It takes some time to settle into director/writer Eve Symington’s Brut Force, a quick-moving mystery set in California’s wine country. And why shouldn’t it take its time? Symington’s choice of milieu is a character in and of itself, a beautiful façade that hides dark secrets and histories. Basking in these views also serves to disarm and soothe us a bit while setting up thick tension among its principals, exposing both superficial and consequential conflicts (whether red herrings or not) which provide the juice for Symington’s detective story.
Instead of a cigarette-smoking detective, we’ve got tough-as-nails ex-reporter Sloane Sawyer (Lelia Symington), who’s first glimpsed walking smugly away from her office with her knuckles bloody and a bruised co-worker (or superior) screaming at her. This fantastic, dialogue-less setup lets us know immediately she can hold her own and won’t put up with trifling bullshit. It’s enough to get us through the first two acts, even though Sloane’s full story won’t get told until the final frames; Eve Symington writes and directs Sloane to be a tough customer, never letting down her guard until it’s absolutely necessary.
When she returns to her vineyard home where her widowed stepfather Arthur (Sidney Symington) runs operations, old friend Juana (Lilian Tapia) tells her of someone harassing the immigrant workers. Dead animals are found in their beds, they are shadowed by unseen figures in the vineyard, and – right when Sloane returns to town – a housing facility Arthur’s building for his migrant workers is mysteriously set afire. This blaze also seems to have claimed one of Arthur’s workers, Dulce (Vico Escorcia), who served as Arthur’s right-hand woman.
Eve Symington gives Brut Force a bit of a Chinatown vibe, with the hard-charging outsider following disparate clues which reveal the shadier side of the town’s dealings. The flat tires Sloane receives while investigating almost become a running joke, but it confirms she’s onto something, whether it’s in following the NIMBYs who didn’t want the housing facility in their neighborhoods or teaming up with Tico (Tyler Posey), who’s also looking for Dulce but might have some secrets of his own. And one discovery only leads to another; just when she finds the culprit behind the harassment, it only opens up a whole other world of betrayal and a longstanding rift that threatens to spell doom for two rival vineyard owners.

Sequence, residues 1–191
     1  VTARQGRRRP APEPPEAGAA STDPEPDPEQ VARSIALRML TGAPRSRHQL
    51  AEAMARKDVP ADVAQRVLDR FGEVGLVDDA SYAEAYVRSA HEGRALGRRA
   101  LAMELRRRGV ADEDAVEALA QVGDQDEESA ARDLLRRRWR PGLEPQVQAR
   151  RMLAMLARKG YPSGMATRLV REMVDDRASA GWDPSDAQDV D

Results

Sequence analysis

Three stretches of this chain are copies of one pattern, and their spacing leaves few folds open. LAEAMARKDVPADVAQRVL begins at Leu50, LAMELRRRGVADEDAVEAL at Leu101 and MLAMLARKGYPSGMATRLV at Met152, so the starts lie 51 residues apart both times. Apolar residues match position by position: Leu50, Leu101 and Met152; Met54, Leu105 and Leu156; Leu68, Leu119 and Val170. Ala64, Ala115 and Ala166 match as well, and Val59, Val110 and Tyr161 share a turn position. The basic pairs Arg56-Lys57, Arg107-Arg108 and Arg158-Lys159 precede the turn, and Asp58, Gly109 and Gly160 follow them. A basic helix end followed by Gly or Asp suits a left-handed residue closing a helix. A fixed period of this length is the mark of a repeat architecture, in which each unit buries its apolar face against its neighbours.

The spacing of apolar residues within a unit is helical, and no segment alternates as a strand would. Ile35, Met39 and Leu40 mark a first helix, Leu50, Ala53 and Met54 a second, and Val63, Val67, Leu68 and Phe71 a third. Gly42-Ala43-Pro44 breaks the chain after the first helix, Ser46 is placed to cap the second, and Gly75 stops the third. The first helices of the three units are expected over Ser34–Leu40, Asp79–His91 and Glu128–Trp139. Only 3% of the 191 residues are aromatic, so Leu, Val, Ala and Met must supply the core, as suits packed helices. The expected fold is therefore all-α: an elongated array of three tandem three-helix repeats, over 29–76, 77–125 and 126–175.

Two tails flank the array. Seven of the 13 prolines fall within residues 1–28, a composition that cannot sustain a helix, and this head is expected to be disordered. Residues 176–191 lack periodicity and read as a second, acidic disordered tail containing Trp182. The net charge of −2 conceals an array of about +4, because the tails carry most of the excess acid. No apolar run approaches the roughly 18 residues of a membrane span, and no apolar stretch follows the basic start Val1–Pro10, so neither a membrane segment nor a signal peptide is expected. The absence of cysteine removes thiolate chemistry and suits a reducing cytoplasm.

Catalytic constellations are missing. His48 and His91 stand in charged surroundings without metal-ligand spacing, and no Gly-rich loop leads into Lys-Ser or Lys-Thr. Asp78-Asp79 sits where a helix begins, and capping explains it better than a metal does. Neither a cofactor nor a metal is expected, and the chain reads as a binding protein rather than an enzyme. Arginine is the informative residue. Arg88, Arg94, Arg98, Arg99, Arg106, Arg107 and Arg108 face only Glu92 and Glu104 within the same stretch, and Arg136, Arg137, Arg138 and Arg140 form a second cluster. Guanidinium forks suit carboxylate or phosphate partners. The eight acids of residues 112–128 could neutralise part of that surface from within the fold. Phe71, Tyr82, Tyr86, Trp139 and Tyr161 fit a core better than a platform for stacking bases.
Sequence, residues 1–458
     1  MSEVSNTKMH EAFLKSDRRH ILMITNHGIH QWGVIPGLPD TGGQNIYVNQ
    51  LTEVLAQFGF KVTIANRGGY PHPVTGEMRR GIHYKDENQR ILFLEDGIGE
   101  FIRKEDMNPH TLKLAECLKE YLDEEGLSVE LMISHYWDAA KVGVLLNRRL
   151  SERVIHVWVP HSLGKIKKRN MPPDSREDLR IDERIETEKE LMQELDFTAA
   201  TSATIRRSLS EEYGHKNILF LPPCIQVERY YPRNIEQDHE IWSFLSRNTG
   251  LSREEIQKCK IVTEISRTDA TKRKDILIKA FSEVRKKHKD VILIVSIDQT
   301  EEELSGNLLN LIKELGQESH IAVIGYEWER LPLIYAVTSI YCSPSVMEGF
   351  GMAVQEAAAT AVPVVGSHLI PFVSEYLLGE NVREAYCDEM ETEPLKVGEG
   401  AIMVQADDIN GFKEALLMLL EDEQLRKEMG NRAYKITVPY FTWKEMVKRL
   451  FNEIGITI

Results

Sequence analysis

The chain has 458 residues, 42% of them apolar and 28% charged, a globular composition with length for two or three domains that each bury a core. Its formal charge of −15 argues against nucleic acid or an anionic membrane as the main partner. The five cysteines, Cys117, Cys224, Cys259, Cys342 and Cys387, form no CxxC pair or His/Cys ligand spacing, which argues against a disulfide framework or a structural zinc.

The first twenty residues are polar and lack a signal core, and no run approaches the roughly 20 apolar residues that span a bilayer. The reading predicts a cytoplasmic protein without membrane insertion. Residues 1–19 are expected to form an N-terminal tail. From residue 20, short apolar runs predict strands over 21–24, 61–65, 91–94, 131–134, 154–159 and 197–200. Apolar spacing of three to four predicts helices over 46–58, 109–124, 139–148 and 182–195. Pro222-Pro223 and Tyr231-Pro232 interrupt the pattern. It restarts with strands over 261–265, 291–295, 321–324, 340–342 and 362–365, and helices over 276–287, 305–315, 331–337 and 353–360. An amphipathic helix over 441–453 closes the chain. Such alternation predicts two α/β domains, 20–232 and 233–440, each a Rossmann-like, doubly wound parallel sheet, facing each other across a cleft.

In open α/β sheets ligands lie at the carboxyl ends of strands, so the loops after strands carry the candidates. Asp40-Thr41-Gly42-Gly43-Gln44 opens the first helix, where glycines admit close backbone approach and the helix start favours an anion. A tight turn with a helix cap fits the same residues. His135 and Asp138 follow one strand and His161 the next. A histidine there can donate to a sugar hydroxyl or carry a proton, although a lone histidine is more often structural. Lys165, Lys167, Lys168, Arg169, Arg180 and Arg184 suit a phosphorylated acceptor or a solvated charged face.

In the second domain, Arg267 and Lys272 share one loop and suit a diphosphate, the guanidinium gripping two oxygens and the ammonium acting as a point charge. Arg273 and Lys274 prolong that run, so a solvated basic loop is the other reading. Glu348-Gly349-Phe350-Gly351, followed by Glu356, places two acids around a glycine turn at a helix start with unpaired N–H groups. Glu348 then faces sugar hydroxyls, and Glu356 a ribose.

Brut Force has a lot on its plate. Its themes cover the disdain of migrant workers by the people who want the fruits of their labor while thinking it’s completely acceptable to other them; the specter of stolen land and the lengths to which one will go to regain it; family allegiances coming at unfathomable prices; and corruption which lends no one justice. But with all of these and more, Eve Symington keeps an assured hand on the tiller, marching Sloane proudly and bravely through her investigation, no matter if what she finds doesn’t paint her stepfather or her family in the best light.
While some plot elements and devices may seem overfamiliar, they’re only a gateway into a decidedly horrific side of humanity. The notion that we’re only useful to a point and that human lives are just there to appease the moneyed has never been made plainer than in the last several years. Eve Symington brings it down to the microcosm of California wine country, a place where thinly-veiled racism passes as “genteel,” with people shrouding their bigotry in the guise of “safety and security.” The workers are just there to be toyed with, their families used as pawns in cruel games; yeah, we’ve seen a lot of that coming out of Washington, DC in the recent past. But where Brut Force makes its statement is in its want for truth and justice, and Lelia Symington stands tall as Sloane in her quest to get both.